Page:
Since you became leader of the Tories in Alberta I’ve always liked you. I know, I know, I was rough on you often, calling you names like ‘Special Ed’ and all, but I want you to know that what I did was always in your interests. It was my way of spurring you on to do great things. I knew the mess you were left by Ralph’s dumb and dumber crowd. In fact, I’m sure you knew it too given that you took such a major part in it. See: http://darrylraymaker.blogspot.com/2007/01/fast-eddie-ralphs-big-stick.html
And I knew it was going to take brains and ability to clean it up. So my motive was to inspire you to do great things. After all Ed, I live here. If you succeeded so would I.
I think part of your initial problem was that you and your pals like Danyluk and Snelgrove thought governing was easy. You knew that your mentor Ralph for the most part had an easy time of it, didn’t he? Almost until the end he had all of the usual Tory political, business, and media establishment kissing his ample backside – the big daily newspapers, the fawning columnists (two of which are now working for you), neocon media barons and think tanks like Conrad Black and the Fraser Institute, etc. It seemed to me that all you guys thought about when you knocked off Dinning was that it was now your turn to divide the spoils – Calgary had its turn and now it was Northern Alberta’s turn. Governing is far more complicated than that Ed, as I’m sure you have come to realize.
And so the first thing you did was screw Southern Alberta by tossing out most of its ministers. It was your first big mistake. Oh, I know, you tried to make amends. You put Ron Stevens in as your deputy premier, and added a couple of people in junior portfolios, but it wasn’t enough. You know the Calgary Tory establishment. They think they’re pretty good. They don’t like getting pushed around. This initial action, Ed, poisoned the well for you down here for sure.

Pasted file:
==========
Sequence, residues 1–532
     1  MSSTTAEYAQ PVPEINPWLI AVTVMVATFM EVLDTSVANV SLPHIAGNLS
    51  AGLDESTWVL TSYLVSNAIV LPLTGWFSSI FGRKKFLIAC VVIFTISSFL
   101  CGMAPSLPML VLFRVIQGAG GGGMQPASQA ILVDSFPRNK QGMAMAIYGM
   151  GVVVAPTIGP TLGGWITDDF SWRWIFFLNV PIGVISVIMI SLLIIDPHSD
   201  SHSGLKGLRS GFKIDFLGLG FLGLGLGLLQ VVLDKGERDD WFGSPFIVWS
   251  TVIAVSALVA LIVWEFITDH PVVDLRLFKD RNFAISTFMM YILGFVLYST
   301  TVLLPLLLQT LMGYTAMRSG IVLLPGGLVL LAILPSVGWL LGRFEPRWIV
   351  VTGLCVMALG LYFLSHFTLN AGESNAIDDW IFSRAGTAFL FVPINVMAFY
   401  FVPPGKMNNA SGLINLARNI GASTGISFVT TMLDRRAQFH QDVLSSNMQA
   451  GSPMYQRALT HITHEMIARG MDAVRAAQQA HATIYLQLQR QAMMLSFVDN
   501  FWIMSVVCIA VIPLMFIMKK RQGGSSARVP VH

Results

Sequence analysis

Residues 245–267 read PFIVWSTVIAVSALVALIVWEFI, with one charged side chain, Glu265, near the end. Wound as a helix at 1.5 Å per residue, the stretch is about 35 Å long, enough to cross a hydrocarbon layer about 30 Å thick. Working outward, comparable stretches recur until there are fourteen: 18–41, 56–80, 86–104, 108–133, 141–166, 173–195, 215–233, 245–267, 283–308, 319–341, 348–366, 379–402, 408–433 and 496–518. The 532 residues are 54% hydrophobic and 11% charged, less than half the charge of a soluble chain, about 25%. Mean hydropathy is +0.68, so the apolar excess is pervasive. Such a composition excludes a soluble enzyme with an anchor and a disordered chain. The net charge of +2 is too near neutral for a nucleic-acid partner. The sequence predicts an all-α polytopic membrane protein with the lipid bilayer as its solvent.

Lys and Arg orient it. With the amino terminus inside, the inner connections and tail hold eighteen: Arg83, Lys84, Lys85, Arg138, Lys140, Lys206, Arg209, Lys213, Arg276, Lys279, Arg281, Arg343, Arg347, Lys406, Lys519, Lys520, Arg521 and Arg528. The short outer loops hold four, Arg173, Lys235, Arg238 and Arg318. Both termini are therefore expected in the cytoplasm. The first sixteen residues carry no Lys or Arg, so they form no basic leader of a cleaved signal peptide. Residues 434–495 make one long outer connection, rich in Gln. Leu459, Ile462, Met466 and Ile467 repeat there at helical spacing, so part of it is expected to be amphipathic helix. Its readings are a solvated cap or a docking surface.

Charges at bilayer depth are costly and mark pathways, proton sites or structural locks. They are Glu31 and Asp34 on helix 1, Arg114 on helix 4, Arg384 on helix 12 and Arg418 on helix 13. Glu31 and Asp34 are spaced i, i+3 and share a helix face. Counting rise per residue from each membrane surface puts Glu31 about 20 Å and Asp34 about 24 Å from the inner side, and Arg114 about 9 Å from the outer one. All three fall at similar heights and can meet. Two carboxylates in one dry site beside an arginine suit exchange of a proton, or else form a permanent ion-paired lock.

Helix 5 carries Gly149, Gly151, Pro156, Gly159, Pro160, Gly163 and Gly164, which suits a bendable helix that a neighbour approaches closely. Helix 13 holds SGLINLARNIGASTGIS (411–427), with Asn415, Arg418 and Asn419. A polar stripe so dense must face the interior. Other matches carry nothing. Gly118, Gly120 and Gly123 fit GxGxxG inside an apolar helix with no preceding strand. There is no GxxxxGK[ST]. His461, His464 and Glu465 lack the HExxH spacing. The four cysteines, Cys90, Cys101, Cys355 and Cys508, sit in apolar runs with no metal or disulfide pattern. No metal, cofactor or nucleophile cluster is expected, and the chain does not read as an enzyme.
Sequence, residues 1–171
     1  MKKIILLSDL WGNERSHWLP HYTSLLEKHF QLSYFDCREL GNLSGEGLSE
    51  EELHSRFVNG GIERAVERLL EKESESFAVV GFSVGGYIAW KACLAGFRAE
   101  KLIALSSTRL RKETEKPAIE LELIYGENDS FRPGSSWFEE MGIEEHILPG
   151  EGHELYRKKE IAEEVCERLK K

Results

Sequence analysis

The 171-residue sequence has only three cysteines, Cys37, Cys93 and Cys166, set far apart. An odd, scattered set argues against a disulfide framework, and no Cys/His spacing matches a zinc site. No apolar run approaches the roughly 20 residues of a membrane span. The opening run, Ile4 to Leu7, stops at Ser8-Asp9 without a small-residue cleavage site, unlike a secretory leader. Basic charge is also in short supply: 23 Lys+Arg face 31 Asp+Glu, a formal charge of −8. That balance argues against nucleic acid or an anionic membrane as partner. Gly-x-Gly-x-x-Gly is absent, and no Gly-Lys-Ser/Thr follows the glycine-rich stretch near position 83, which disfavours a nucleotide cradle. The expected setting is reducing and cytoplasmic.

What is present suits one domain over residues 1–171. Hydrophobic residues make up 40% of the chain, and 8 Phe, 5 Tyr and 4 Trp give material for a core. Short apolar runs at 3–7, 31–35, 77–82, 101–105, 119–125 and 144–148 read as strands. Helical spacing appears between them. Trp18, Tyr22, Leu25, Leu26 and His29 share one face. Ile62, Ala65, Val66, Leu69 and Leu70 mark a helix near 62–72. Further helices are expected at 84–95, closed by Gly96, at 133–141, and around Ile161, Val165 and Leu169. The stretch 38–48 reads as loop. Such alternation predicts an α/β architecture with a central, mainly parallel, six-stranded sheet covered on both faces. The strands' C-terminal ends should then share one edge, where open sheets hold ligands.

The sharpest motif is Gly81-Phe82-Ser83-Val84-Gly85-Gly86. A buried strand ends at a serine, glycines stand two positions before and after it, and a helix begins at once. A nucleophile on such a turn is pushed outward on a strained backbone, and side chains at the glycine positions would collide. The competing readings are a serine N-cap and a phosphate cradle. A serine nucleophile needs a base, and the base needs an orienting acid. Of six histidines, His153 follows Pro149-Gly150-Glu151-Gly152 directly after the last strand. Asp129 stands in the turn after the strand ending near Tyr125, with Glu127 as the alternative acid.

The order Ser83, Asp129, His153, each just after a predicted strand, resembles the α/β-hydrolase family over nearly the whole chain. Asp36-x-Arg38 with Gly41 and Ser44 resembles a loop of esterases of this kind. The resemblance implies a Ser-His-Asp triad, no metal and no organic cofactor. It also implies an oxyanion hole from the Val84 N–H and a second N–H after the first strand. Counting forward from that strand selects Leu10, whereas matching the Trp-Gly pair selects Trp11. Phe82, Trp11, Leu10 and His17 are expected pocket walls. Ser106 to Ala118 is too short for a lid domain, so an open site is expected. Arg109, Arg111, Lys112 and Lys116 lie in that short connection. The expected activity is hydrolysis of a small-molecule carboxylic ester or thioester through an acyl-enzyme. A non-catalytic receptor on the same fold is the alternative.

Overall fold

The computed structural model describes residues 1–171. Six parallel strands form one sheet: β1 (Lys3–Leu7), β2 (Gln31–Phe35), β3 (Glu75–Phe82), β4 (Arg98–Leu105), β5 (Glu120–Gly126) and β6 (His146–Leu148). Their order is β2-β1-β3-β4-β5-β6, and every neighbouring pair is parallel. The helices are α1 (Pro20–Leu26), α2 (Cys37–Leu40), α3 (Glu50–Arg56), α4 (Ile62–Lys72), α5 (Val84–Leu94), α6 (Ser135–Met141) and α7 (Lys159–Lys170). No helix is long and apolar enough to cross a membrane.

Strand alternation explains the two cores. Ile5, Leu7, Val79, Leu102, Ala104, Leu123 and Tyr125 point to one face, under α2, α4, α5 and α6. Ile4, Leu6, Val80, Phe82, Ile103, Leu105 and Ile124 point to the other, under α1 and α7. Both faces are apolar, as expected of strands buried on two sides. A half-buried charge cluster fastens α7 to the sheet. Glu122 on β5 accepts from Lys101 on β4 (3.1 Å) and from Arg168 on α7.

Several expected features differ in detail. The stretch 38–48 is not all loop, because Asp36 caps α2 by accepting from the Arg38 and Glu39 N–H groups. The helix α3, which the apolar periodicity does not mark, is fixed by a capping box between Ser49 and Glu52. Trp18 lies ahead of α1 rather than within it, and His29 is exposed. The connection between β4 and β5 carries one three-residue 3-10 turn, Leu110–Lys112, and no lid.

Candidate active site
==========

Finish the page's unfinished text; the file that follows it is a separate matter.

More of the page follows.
Then there was the small matter of a lot of things going to pot in the province. I mean, we had deteriorating health care, education, infrastructure, and most everything else the provincial government is supposed to be taking care of. The problem was that people began to figure out that the Alberta Advantage that Ralph talked so often about was really no advantage at all. Oh sure, the oil companies were making big bucks. Developers, too. But the sick were being treated in hospital corridors. Some had to be flown to Saskatoon or Great Falls, Montana for treatment, for God’s sakes. Seniors’ care was understaffed, overcrowded, and generally a joke. Roads were an insult to the vaunted money generating capacity of big oil. There weren’t enough places or money available for our big universities to provide for all of the young people who wished to attend.*
[*On the matter of education perhaps when you are retired you will find time to read the following piece published on October 15 by the Herald’s premier columnist Deborah Yedlin: http://www.chtv.com/ch/chcanews/story.html?id=2104358]
Geez Ed, did you know that Alberta had the highest high school drop out rate in the country? Or that Alberta had the lowest participation rate in the crucial 18 to 25 age category in post secondary education in the country? Did you? How about Snelgrove? Danyluk, even? No? I didn’t think so.